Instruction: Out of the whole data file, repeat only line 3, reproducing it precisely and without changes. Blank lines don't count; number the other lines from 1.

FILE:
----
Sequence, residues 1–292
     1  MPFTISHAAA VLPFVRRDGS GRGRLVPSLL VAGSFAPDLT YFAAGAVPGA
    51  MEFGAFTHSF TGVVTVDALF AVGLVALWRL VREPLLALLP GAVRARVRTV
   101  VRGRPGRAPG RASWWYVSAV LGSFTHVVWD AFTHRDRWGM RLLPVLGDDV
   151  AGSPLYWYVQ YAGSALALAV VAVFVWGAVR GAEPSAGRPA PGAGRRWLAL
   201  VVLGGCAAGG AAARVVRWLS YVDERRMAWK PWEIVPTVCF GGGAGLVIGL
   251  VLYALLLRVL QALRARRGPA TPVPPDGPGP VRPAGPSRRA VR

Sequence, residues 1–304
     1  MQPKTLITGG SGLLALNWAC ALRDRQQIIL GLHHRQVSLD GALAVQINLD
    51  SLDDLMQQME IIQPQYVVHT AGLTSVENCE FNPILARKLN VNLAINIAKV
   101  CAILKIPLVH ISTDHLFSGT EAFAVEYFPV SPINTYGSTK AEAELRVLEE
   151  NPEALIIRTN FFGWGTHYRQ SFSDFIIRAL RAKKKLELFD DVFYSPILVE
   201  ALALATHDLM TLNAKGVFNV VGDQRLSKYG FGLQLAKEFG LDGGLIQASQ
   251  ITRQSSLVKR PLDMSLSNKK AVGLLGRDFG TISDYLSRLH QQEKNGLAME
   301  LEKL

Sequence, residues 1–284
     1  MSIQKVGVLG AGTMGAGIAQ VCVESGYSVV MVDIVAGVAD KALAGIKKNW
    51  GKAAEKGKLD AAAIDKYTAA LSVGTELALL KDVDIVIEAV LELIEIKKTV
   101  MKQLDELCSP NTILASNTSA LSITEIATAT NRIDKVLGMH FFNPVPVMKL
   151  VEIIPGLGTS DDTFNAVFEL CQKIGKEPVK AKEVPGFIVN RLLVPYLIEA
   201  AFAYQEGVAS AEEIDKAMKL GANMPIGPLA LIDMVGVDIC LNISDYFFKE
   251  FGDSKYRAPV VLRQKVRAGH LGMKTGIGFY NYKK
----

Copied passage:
    51  MEFGAFTHSF TGVVTVDALF AVGLVALWRL VREPLLALLP GAVRARVRTV